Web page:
Building upon its leadership position in robotics research and development, and in recognition of the increasing benefits robots are bringing to society, Carnegie Mellon University has established The Robot Hall of Fame to honor noteworthy robots, both real and fictional, along with their creators.
Experts in Carnegie Mellon's School of Computer Science and Robotics Institute will collaborate with Pittsburgh's Carnegie Science Center and the Pennsylvania Departments of Tourism and Economic Development to create a permanent, interactive exhibition involving robots that will educate and entertain a wide variety of audiences.
According to James H. Morris, dean of the School of Computer Science, who conceived the idea of the Hall of Fame, multiple categories of robots will be honored -- those that work, those that entertain and those that inspire. "In the coming decades, real robots will play increasingly important roles in our society," he said. "We want to honor robots that have served an actual or potentially useful function and demonstrated real skill, along with robots that entertain and those that have achieved worldwide fame in the context of fiction," Morris said.
Morris said that plans are to locate an interactive exhibit based on the Robot Hall of Fame at Pittsburgh's Carnegie Science Center. Initially, the exhibit will be housed in the School of Computer Science on Carnegie Mellon's campus. Induction of the first robots will take place in fall 2003.
"We applaud the efforts of our friends at Carnegie Mellon University to create meaningful programs that educate the public about the role of robotics in our lives and the important role that Pittsburgh plays in the field of robotics," said Ellsworth Brown, president, Carnegie Museums of Pittsburgh. "Through the work of our staff at Carnegie Science Center, we share the university's passion for this exciting area of scientific development and its commitment to engage wider audiences in its many applications."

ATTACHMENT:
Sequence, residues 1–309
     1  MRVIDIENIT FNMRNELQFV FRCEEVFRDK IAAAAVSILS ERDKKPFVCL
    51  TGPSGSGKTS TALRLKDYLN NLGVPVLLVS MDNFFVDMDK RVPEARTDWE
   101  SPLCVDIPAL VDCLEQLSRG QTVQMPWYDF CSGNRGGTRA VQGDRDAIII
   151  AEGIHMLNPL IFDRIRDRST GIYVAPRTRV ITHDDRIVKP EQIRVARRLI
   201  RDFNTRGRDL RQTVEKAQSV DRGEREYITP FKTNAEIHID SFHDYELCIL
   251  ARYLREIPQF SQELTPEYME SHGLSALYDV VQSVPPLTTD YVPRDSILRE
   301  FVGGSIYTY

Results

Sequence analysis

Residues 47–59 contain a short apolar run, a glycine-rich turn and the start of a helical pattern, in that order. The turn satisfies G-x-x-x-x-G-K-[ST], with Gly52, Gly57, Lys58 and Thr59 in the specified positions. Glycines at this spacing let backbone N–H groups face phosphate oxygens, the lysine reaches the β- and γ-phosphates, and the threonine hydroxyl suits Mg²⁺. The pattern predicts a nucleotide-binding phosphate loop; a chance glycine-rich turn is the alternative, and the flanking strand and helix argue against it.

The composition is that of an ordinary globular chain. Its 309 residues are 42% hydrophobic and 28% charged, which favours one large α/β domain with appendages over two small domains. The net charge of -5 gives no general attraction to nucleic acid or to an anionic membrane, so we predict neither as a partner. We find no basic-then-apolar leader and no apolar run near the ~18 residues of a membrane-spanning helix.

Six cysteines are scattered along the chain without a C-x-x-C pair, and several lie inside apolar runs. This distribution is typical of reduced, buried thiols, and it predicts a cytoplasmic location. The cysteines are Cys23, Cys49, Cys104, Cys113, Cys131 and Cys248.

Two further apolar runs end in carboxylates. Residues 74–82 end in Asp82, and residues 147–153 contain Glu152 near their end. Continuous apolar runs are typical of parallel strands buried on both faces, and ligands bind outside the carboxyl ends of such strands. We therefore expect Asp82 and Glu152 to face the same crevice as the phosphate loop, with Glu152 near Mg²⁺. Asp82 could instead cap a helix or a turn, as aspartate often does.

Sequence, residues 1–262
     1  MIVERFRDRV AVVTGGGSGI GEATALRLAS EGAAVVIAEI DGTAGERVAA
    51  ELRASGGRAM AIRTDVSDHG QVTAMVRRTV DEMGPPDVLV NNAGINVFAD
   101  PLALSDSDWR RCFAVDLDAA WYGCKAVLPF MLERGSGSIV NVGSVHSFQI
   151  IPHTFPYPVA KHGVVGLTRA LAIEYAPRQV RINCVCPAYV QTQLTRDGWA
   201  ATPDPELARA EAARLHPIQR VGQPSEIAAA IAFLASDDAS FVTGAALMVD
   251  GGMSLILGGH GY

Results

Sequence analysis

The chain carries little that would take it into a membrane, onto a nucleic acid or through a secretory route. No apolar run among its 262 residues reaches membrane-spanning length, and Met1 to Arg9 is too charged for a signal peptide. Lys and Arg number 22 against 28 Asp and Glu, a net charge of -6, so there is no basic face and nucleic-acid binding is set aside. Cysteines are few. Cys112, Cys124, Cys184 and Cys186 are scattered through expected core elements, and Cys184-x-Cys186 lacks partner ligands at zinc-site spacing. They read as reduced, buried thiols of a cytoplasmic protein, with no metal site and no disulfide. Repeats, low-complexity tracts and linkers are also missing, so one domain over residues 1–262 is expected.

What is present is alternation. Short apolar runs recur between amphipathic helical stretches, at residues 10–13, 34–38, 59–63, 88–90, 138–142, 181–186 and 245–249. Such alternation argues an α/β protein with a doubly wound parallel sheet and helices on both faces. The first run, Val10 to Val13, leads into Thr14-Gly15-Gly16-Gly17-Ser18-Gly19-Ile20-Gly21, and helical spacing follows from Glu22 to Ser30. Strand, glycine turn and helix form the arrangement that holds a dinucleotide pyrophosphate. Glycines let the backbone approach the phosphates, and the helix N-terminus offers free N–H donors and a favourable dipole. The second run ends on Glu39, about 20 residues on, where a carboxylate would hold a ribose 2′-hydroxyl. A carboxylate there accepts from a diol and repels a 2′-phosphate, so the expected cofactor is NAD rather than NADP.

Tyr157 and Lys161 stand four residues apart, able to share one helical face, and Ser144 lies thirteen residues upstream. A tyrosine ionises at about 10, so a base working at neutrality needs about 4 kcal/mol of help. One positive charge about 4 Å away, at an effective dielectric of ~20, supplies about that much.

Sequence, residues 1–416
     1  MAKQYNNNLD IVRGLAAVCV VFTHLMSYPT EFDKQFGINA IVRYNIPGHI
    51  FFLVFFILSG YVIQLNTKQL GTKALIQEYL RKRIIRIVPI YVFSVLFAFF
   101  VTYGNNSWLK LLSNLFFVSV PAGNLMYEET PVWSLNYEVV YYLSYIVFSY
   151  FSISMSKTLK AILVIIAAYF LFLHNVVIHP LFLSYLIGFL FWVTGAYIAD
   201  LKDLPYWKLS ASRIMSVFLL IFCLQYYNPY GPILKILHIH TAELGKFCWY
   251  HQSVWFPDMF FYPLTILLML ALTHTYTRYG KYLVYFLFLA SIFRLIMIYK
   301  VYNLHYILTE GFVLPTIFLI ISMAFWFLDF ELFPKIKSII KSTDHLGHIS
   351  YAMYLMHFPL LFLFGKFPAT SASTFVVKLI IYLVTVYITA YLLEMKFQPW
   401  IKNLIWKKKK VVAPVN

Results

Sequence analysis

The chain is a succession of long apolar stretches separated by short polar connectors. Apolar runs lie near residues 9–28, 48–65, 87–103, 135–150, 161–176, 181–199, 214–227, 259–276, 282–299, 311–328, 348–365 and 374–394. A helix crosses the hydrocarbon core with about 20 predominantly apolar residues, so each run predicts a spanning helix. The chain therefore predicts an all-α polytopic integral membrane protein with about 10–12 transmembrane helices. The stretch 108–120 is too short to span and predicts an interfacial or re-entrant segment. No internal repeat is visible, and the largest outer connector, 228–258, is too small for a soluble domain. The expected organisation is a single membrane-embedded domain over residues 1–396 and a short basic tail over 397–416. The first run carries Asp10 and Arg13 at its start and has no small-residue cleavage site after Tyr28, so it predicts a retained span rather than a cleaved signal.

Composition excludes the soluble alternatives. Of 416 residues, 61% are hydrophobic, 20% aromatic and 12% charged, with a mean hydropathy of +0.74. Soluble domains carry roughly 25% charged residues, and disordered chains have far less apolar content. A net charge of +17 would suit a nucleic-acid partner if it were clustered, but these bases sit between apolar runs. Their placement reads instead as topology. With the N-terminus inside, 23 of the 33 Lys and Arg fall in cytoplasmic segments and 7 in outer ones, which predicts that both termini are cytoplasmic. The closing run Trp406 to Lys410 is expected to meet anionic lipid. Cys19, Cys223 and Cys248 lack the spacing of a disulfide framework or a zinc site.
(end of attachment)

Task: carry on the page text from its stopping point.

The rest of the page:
"We are pleased to establish The Robot Hall of Fame here in Pittsburgh," said Carnegie Mellon University President Jared Cohon. "Not only will it add value to what we do as an educational institution, but it will also give the university another opportunity to give something back to Pittsburgh and Western Pennsylvania. By creating a Hall of Fame to showcase the most important accomplishments in the field of robotics, we can educate a broad array of area residents and visitors about the excitement and importance of this field."
Each year, a jury of experts will choose robots in each category to be inducted into the Robots Hall of Fame. The first panel includes:
Minoru Asada, professor of engineering, Osaka University, and a founder of the International Robocup Federation
Rodney Brooks, director, Massachusetts Institute of Technology Artificial Intelligence Laboratory and author of "Flesh and Machines"
Ellsworth Brown, president, The Carnegie Museums
Arthur C. Clarke, science fiction writer, futurist and author of "2001"
Henrik Christensen, computer science professor and director, Centre for Autonomous Systems, Royal Institute of Technology, KTH Stockholm, Sweden
Ray Jarvis, director, Intelligent Robotics Research Centre, Monash University, Melbourne, Australia
Donald Marinelli, professor of drama and co-director of the Entertainment Technology Center, Carnegie Mellon
James H. Morris, dean, School of Computer Science, Carnegie Mellon
Raj Reddy, Simon University Professor and founder of the Robotics Institute, Carnegie Mellon University
Charles Thorpe, director, Robotics Institute, Carnegie Mellon
Morris said the first robots will be inducted in the fall of 2003. Nominations, which can be made by anyone, are open as of April 30, 2003, and will be closed by August 31, 2003.